Nope. I already know those stories. I have limited time for reading, and I want to spend that time reading something new, from other authors.
Also I do feel like I’m not reading a genuine story or book if I’ve written it because, well... I’ve written it.


Yep, I get this. It doesn't feel like I'm reading a proper thing.

Also, stop angry-facing my posts, ya gurt doughbake. :ROFLMAO:
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I've read my first published novel three times since it came out six years ago and enjoyed it each time. It holds up very well (in my humble opinion!) and although I have little detailed recollection of actually writing it, I love spotting sentences, passages and other elements I would do differently if writing it now. It's as good a way as any to measure my progress as a writer.

My second novel was released last year and I've read it once since then. There are a couple of things I would change, but very little at this early stage. I'll read it again in a couple of years, which I'm sure will be more revealing.

I've found that once I finished editing with the publisher and the books were out of my hands, there was a certain detachment and reading them again is like reading another author's books.
I absolutely read them.
However; I am always looking for something that might be incorrect so that if I ever republish I can fix it.
I published my first novel in 2013 and have reread it not quite but almost every year.
My second novel has had fewer reads--however I am in the process of rereading it right now.

One big factor is that the two are part of a series and rereading them helps me keep track of continuity for what I'm working on.

Hopefully, those authors who say they don't, and publish a paper edition, I hope are not also referring to reading the initial galley--well this should apply to reading the eBook once also--the galley proof must be read by the author before publishing or any gross errors fall on the author and not the publisher and for self publishing they should always read a copy of the finished product.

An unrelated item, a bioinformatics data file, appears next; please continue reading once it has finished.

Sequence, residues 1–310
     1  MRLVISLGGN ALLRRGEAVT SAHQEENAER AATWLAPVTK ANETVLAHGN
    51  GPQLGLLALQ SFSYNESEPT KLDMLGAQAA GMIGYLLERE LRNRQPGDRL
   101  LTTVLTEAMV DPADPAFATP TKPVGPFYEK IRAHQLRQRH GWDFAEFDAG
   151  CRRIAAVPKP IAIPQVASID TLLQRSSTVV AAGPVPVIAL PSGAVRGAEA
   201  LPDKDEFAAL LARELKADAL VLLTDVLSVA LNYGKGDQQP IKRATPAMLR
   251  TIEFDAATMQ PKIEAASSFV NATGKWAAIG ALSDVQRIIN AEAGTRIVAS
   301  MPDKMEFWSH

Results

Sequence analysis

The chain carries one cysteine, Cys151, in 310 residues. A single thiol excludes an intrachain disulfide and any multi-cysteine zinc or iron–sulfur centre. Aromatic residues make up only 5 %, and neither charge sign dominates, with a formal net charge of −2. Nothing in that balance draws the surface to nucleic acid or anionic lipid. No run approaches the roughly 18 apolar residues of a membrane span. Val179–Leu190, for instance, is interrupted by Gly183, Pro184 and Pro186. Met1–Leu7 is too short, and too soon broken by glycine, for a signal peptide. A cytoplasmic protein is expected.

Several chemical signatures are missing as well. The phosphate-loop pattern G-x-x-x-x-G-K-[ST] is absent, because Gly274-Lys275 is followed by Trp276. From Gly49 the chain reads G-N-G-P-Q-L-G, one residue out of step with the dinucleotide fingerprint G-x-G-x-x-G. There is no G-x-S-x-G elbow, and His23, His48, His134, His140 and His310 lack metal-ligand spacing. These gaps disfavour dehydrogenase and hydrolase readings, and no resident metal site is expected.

I always read a galley proof and then a finished published copy of every book.
Same thing with eBooks--after publishing I read through it to make sure that the formatting hasn't gone all wonky.

Oddly though, I never grow tired of rereading my own work after it's published; I worry about that being Narcissistic,
At the moment, I have to in a way. I'm having one of mine turned into an audiobook. The narrator surpasses my expectations.

I'm finding that I remember my books in their original forms. It can sometimes be jarring to read a passage where I had to kill one of my darlings, and I have to remind myself why I edited it out.
It might be worth distinguishing between rereading a book for pleasure (or curiosity) and rereading it as an act of proofreading.
You bet. Like HB I enjoy reading something not readily available. Also, like some others, I always look for ways of improving them. One day, I swear, I'll reissue them, so I want them to be their very best.
By the time something is ready to be published I'm always sick of reading it. Sick to the point where my brain shuts down and I can't even absorb the words. But after several years have passed, yes I have been known to reread by own books.
Every time I need to cheer up, I especially read my second novel, which was awarded in an international competition and is my greatest pride. So, as I read, I think: "Wow, I wrote that, I beat eighty other novels, it must have not been for nothing." That gives me a huge injection of energy to go back to work, and although it is true that one will always want to change some things, because obviously, one has evolved since then, it is good to leave them as they are, they are a testimony that makes you smile. It's like the songs that we recorded with a metal band a long time ago (four of them are mine, including the main hit that they asked us at concerts and that we almost got to sneak into the final credits of a boxer movie), it makes you happy a lot to know that those songs have aged well, like the good wines.
Not an author but as a reader I've come to the conclusion some authors never re-read leading to inconsistencies in later novels.
I would suggest if you're going to write a series of books or even books that are loosely connected either re-read or at least keep some sort of database on characters, time lines etc.
I hate when in the middle of a book an author gets family trees etc wrong and I have to go find the previous book to check I'm not going mad.